Deborah Unger of Transparency International in London spoke to euronews about the resignation of Sepp Blatter and the future of FIFA in the aftermath of the corruption scandal crippling world football’s governing body.
Mark Davis, euronews:
Deborah, with Sepp Blatter gone there’s a power vacuum now at FIFA. How does Transparency International think that vacuum should be filled?
“At the moment there’s not exactly a power vacuum. He has gone, but he hasn’t gone for good yet. They have handed the reins to Domenico Scala, who’s head of the audit and compliance committee and he is supposed to design the next set of reforms for FIFA. And he has given himself until Christmas, pretty much, to do that. He needs to move fast, though.”
Is FIFA the first of many dominoes to fall? Which other sports bodies will be nervously looking over their shoulders at what’s gone on at FIFA?
“Well, at Transparency International we think that many sports organisations need to reform their governance structures and there have been scandals with others over the years: we had the IOC famously after the Salt Lake City scandal, it did try and reform. You’ve had others like handball and weightlifting that have been in the spotlight but FIFA is really a beacon, it’s the big one and people will be watching to see if it can transform itself, then what can we do with the other ones. Obviously with FIFA there’s much more money involved and it’s much more important around the world. Football is the world’s game.”
International sports bodies are, in the words of your organization, “fertile settings for corruption to take root”. They are neither states nor corporations. FIFA even has charity status. So without anyone to answer to, how can they be forced to play by fair rules?
“Well I think what you’re seeing is the FBI forcing them to play by the rules and the Swiss are also investigating them. So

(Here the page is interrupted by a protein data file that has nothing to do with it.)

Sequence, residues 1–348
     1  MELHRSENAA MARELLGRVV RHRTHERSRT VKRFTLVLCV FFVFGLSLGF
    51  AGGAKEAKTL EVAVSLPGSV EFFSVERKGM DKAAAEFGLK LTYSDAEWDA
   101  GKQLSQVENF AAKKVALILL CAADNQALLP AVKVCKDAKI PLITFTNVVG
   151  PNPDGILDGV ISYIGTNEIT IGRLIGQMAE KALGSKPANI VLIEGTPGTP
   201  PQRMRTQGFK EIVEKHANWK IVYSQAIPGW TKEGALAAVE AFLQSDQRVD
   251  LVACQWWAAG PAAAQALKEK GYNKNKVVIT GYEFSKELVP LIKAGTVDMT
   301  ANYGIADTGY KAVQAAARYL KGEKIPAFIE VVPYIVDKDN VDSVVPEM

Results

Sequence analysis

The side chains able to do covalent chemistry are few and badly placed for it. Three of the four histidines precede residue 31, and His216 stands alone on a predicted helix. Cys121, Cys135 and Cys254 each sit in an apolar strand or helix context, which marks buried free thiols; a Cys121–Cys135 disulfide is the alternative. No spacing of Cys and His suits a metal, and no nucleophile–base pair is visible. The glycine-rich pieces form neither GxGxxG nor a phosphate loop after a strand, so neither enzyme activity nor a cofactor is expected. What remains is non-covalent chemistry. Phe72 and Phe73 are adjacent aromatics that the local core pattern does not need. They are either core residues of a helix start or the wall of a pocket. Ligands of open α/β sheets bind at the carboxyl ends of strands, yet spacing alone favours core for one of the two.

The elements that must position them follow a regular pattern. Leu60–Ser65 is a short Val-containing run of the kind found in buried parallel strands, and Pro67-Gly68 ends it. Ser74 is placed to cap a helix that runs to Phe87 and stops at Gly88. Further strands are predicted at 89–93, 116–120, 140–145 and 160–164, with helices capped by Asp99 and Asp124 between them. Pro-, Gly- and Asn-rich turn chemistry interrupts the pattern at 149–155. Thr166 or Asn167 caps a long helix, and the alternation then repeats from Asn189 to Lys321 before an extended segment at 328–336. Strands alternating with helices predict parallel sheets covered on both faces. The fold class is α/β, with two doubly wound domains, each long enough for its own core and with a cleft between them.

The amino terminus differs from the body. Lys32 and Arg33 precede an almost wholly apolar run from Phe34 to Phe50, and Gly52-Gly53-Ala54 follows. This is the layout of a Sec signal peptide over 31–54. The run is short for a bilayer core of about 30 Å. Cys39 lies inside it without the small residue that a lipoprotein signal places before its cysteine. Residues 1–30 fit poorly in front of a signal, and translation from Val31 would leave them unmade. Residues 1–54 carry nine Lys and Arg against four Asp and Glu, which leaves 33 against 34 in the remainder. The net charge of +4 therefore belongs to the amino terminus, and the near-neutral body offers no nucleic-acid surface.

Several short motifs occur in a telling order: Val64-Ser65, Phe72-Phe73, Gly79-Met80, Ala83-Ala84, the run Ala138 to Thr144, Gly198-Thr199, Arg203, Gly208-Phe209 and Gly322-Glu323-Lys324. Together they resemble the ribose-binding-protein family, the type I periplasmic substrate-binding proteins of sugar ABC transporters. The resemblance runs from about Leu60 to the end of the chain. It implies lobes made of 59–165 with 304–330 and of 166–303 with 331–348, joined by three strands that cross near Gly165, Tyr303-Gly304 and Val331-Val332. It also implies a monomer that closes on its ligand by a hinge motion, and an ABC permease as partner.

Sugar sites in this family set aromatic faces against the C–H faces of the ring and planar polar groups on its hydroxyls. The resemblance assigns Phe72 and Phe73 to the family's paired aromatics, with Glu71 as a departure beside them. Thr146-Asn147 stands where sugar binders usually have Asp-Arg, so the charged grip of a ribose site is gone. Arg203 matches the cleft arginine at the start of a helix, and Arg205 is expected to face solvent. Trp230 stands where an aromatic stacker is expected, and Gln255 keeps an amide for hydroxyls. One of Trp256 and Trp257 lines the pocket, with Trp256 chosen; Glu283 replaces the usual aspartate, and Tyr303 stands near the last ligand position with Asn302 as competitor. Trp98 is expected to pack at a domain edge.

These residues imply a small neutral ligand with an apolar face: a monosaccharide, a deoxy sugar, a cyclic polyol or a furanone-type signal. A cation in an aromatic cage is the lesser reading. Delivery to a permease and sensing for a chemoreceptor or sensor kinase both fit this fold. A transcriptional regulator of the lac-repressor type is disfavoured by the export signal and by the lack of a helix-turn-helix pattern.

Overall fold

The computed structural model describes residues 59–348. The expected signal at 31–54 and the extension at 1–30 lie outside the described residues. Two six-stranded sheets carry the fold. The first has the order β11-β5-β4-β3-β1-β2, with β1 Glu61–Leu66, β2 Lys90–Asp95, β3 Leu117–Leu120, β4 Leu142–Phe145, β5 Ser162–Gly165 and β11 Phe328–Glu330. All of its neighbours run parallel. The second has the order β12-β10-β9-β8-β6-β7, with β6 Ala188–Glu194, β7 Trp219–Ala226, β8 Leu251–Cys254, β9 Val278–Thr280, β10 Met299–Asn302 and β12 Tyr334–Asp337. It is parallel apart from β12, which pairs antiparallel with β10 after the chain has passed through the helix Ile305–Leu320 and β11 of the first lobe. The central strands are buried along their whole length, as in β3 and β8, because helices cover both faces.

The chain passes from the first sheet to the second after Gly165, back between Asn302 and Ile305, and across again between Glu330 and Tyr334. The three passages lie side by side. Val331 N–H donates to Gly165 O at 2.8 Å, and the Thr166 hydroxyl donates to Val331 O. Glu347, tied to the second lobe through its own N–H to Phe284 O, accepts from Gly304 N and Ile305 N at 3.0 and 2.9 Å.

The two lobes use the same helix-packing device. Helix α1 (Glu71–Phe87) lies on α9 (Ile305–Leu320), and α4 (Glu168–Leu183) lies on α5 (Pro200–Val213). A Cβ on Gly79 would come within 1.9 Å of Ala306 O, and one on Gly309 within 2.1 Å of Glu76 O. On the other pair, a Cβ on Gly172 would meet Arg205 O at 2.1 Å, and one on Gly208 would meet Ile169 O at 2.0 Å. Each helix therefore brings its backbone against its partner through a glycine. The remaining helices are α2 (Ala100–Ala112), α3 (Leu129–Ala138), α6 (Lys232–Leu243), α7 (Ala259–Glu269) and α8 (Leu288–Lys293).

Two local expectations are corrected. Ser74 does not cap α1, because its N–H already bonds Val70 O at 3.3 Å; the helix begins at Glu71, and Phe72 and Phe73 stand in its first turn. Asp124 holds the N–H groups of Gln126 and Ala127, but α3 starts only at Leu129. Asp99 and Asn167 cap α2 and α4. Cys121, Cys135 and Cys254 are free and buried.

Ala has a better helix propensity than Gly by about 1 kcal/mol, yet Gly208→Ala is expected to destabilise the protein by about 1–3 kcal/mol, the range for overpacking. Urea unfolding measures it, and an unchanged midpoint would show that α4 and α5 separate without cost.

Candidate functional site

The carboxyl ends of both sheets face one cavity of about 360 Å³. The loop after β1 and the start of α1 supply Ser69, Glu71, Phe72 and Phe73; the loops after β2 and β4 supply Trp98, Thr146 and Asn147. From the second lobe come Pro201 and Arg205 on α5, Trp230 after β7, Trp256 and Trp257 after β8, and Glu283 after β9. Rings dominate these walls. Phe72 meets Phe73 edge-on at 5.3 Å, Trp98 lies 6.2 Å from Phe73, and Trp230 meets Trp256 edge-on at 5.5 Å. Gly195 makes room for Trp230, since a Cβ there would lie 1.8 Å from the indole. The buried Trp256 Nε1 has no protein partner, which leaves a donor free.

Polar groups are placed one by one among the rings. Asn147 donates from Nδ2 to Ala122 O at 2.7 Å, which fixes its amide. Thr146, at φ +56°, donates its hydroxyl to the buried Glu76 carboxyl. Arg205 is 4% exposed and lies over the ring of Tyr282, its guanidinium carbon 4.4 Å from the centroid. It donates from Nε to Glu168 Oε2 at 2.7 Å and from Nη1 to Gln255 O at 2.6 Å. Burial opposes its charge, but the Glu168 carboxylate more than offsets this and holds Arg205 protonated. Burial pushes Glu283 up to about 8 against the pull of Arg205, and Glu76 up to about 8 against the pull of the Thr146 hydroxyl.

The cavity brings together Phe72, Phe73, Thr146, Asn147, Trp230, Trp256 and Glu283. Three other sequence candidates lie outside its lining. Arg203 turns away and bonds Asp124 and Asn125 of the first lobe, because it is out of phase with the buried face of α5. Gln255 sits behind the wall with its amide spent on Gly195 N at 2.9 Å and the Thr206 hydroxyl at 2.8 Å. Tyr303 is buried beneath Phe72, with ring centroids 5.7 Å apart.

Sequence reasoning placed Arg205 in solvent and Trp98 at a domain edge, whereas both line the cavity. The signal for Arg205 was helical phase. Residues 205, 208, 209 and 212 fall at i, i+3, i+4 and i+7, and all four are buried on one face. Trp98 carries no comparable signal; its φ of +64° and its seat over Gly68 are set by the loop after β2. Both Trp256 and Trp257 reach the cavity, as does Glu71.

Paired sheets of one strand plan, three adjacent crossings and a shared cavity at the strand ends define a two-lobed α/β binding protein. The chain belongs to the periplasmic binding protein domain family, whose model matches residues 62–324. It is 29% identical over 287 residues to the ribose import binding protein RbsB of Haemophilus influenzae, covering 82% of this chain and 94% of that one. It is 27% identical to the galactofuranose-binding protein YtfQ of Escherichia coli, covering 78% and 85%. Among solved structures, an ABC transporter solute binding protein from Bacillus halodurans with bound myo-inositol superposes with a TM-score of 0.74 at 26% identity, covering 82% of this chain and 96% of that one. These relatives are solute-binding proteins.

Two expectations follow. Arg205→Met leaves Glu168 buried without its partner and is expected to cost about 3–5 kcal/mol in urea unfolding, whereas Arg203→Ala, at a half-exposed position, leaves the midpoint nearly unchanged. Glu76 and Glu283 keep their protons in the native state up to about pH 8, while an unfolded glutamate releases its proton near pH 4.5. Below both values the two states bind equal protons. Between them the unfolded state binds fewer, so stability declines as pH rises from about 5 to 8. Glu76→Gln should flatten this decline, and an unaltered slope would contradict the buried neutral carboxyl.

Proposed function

they’re gonna be in the spotlight. Their reform process will be scrutinised by us and others, we will comment, the fans have been involved: there was a big survey of more than 750,000 fans who didn’t want Sepp Blatter to be there and wanted a new FIFA, so I think that the light that is shined on them, and the transparency that we will demand from them, will actually make some difference this time around. I think this is something of a watershed.”
That works in the case of football, which is a world giant but what about the smaller sports that don’t get the scrutiny and attention?
“You’re right, that will be much harder to reform and I’m not sure how without the spotlight of the media and the press etc. whether they will reform. Scandals always come to light and then there are calls for change. If FIFA can set an example by really changing properly, having outside independent non-executive directors and outside oversight, this could become a model for others to use.”
If you had one piece of advice for FIFA now, what would it be?
“It would be: start an independent reform committee now. Find some very very well respected people to come to your help from the outside, who are not tainted by the scandals in football, and have them work with you to really ensure that the reforms that are put in place are the right ones, they’re transparent and everyone is accountable.”
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